The Cheshire Village Pub with a link to some of football’s greatest moments

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The pub quiz questions at Bull’s Head in Mobberley might look like this: what connects the small village of Mobberley to Pele, North Korea, the 1966 World Cup, the Lisbon Lions and the two most successful clubs in England at their best?

The answer – in a roundabout way – is the pub itself. Above the heads of beer-sipping quiz pubs sits a room where one of the world’s most iconic sports brands was born.

The pub was once owned by the parents of Harold Humphreys and his brother Wallace, who founded Humphreys Brothers Limited in 1924, initially working out of a small cupboard in the pub before moving to a workshop in Wilmslow.

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Ten years later, that company, Umbro, would supply kits to both teams in the FA Cup final, played in front of 93,000 spectators. Portsmouth, in a black and white kit, would lose 2-1 to Manchester City, who wore maroon.

In 1966, the vast majority of English teams played in their jerseys. When the World Cup arrived that year, 15 of the 16 teams competed in Umbro kits, including North Korea, with only the USSR snubbing the supplier.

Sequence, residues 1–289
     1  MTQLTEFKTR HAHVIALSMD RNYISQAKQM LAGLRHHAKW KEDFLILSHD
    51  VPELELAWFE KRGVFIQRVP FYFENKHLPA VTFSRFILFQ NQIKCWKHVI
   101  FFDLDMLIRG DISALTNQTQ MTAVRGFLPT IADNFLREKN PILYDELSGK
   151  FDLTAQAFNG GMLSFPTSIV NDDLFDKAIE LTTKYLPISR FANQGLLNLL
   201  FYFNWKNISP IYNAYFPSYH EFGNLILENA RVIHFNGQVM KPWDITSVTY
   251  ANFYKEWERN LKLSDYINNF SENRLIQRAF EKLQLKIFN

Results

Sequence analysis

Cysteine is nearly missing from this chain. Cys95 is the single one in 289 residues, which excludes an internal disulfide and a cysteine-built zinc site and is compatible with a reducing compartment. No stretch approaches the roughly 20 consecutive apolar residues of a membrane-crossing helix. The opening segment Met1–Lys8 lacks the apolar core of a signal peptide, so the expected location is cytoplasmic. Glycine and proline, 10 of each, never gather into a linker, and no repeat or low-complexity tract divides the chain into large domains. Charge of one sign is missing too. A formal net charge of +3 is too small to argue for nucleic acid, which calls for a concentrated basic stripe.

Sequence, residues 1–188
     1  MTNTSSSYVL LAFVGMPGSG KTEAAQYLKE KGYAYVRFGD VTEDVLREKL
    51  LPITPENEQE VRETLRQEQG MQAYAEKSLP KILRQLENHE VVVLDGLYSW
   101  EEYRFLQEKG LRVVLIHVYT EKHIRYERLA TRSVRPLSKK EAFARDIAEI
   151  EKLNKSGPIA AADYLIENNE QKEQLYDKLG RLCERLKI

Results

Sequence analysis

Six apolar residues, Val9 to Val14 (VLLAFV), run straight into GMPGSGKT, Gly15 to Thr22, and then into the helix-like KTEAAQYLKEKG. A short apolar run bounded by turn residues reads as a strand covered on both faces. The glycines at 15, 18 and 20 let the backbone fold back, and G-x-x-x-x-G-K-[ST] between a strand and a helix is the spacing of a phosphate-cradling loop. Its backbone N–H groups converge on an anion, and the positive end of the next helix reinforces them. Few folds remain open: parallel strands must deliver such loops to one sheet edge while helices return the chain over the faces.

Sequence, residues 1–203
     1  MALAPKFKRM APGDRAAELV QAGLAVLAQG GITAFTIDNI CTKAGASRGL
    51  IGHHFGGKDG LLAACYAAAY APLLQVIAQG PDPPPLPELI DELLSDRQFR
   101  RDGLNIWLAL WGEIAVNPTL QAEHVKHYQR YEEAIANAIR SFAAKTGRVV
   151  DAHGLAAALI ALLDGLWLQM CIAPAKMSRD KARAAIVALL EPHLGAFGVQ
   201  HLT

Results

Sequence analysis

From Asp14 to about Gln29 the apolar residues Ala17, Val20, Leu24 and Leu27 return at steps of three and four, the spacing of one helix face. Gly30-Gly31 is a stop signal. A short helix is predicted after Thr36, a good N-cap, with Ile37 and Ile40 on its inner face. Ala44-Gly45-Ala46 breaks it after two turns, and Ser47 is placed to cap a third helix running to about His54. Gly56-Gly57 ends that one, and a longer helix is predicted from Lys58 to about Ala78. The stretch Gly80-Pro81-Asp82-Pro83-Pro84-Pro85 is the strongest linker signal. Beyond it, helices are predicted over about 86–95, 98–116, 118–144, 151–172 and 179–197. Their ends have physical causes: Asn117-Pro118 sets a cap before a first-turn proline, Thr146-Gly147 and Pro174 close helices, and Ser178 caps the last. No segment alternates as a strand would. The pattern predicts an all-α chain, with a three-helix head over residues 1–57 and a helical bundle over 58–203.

The following year Celtic’s Billy McNeil would become the first British player to win the European Cup. The famous green hoops worn by the “Lisbon Lions” were provided by Umbro.

Ten years later, Liverpool lifted the trophy and would do so three more times over the next seven years, each time in their famous all-red Umbro strips. When rivals Manchester United completed the treble in 1999, they did so in two Umbro home kits, with a special kit reserved for European matches.




Brazil would lift the World Cup twice in Umbro kits, first in 1958 when Pelé and co lifted Jules Rimet in blue shirts; and again in 1994, beating Italy in the final in Los Angeles wearing their more familiar yellow.

A year after the 1994 World Cup, Ajax won the Champions League in Umbro shirts. The star-studded team included Edgar Davids, Clarence Seedorf and Patrick Kluivert wearing the white and red made famous by Cruyff a generation before.



Alan Hansen beams as he lifts Liverpool’s second European Cup at Wembley in 1978

When an equally star-studded Scottish side reached the World Cup final in 1978, Liverpool stars Kenny Dalglish and Graeme Souness wore Umbro kits, just as they did with their club. Scotland would be sent off from Argentina in the group stage, but a win over Holland and two goals from Archie Gemmill will long be remembered.

Away from football, Umbro provided kits for the British Olympic team for twenty years between 1952 and 1972.

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